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I have recently been reading about why a can of compressed air gets cold when the air it contains is discharged. From what I understand the change from a liquid to a gas requires energy and therefore heat is drawn from the surrounding environment.

What confuses me is how the phase change sucks up heat? If energy is required to complete the phase change wouldn't that mean that the phase change would not take place unless heat was added? I guess I am confused as to how the phase change extracts the heat from the surrounding environment.

If I wanted to compress a gas into a liquid I would have to use force or my own energy to accomplish this, yet when going from liquid to gas the energy is just taken from the surrounding environment. This is confusing to me.

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up vote 2 down vote accepted

In general, when a physical system is free to change, the system will tend to change its state so as to minimize the free energy. It's a principle. For example, remove a dam from a river and the water from the lake behind the dam spontaneously flows down the canyon. No need to do additional work to 'push' the water down. The energy to flow around small obstacles on the way down comes from gravitational potential energy.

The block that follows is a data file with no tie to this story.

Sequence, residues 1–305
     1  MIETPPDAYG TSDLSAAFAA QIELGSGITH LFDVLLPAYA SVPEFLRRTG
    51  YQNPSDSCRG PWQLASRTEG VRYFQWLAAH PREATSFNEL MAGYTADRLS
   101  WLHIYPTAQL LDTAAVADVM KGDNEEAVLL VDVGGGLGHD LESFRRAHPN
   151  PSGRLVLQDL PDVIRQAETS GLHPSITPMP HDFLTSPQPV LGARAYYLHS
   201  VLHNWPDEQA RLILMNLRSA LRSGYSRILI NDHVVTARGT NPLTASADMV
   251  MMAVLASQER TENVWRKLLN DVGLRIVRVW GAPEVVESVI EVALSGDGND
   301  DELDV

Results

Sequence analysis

Temperature arises from the kinetic energy of the motion of molecules. If a gas is contained in a small container, and the container is opened into a larger volume, the gas molecules spontaneously move to occupy the larger volume. If the expanding gas does some work, the energy for this work comes from the kinetic energy. The expanding gas might do work against the side of the container (i.e. a piston) or against attractive intermolecular forces (i.e. a real gas.) The decrease in kinetic energy of the system is sensed as a decrease in temperature. Reversible expansion of an ideal-gas which does no work is isothermal.

The molecules in a liquid stick together and form a liquid because of inter-molecular forces between the molecules. Work is done against these forces to increase the distance between molecules and form the gas phase. This work decreases the kinetic energy, and the temperature decreases.

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